What is DVT?
Deep vein thrombophlebitis is a blood clot that has gotten lodged in a deep vein that has caused inflammation in the legs. It isn’t commonplace to have a deep vein thrombosis anywhere else but the legs, but on rare occasions they can occur in the neck, and arms of an individual. The clot can be located anywhere really, deep within a muscle of the leg or nearer to the surface. In any event the clot can cause severe health problems and also may be life threatening. When the clot breaks loose inside the vein and starts moving within circulation it is no longer considered a thrombus, but is now called an embolism. If the embolism gets lodged into a vessel in the lungs, it is called a pulmonary embolism, which is a life and death emergency.
Deep vein thrombophlebitis is primarily caused by long periods of inactivity. Someone who sits at a computer all day with his/her legs down runs the risk of DVT. Many times, prior to going to surgery, the patient is required to put on elastic hose; some hospitals use a brand called TED hose, and other hospitals use a brand called Jobst hose, both of which are designed to apply gentle pressure to the legs to stimulate circulation and prevent blood clots from moving if they were to occur.
What are the symptoms of DVT?
The symptoms of DVT include warmth or fever in the affected area. There may be pain and tenderness along with swelling and redness in the area of the inflammation. It can be very uncomfortable for the one who has this problem. The pain can be so severe it may be very difficult to walk or to even stand up on your legs. You may also have a generalized fever of 100 degrees or higher. It is also important to know that not all patients with DVT have any symptoms at all. You usually don’t know you have DVT unless you have symptoms.
My former sister-in-law had no symptoms of DVT. She never knew she had a problem until one day she was struck with a sudden bout of coughing and difficulty in breathing. Without ever knowing she had deep vein thrombosis, she was a walking time bomb that went off without warning. She died the same day the embolus hit her lung. She worked in an office, sitting for long periods with her legs down. She was also a smoker.
Blood clots can be caused by anything that impedes the flow of blood in circulation. You may be at risk of having a blood clot form if any of these factors fit you: if you are inactive for a long time in a sitting position; if you have recently had surgery; if you have had a heart attack; if you have recently had a fractured leg; if you have certain types of cancer that thicken the blood; if you have had a stroke with paralysis; if you are pregnant; if you have just given birth; if you have a clotting disorder; if you are obese; and if you smoke.
If you have red swollen legs with tenderness, especially if any of the above conditions fits you, then please see your physician right away to be evaluated. I knew a young lady who gave birth to her second child. She didn’t wake up in a timely manner after the sedations wore off. It was then that we realized that something was wrong. Diagnostic scans had shown she had thrown an embolism after delivery. She passed away shortly after that and she never even saw her baby.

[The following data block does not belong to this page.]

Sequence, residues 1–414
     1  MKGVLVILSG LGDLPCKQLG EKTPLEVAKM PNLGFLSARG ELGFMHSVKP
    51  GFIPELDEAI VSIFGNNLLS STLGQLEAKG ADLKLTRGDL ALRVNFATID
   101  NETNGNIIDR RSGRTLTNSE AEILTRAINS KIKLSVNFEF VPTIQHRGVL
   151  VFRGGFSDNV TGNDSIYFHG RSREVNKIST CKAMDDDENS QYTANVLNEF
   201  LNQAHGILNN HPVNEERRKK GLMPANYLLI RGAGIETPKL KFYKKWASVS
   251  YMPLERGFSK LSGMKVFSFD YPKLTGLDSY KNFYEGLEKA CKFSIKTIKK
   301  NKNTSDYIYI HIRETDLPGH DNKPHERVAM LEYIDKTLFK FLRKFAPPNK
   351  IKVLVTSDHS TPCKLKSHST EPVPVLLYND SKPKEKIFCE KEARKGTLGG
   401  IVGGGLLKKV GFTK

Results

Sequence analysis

How is DVT diagnosed?
To diagnose or rule out the presence of DVT you doctor will ask questions to get a history of your previous health conditions, as well as do a physical exam. He/she may ask you to have an ultrasound, or CT or MRI scan to visualize the tissue, and see if a clot is present in your veins. Your doctor may also order a blood test, because people who have a clot present usually have a natural clot-dissolving substance in the blood, called D dimer. It is the body’s way of trying to get rid of the obstruction. This blood test is useful in diagnosing a clot.
Sometimes circulation can become so bad with people who have varicose veins that the blood pools in the legs causing the possibility of clots to form. If you are bothered about varicose veins, you may want to have them removed. The procedure is much easier now, and in most cases can be done in a doctor’s office or as an outpatient in the hospital. It is good, whether you have had surgery for varicose veins or not to wear a support hose to give gentle pressure to the legs to improve circulation to the legs and prevent the movement of a clot if you have one.
If you have DVT your doctor may recommend that you apply heat to the area and take a drug that thins the blood. You might be treated in the hospital with heparin, but at home you would most likely take a drug called Coumadin to prevent new clots from forming.
Can you prevent DVT?
If you smoke, you need to quit. Smoking increases your risks of developing blood clots. If you take birth control, you definitely need to quit smoking. My girlfriend’s sister died from using tobacco and oral birth control medication because she developed a pulmonary embolism.
If you have a job that requires you to sit for long periods with your legs down, get up and take a walk. Stretch your legs at intervals, and pump your ankles to move your feet up and down. This exercises the calf of your leg. Do ankle pumps every 10 to 15 minutes while sitting; this will help improve circulation to your legs.
Source: Mayo Clinic information page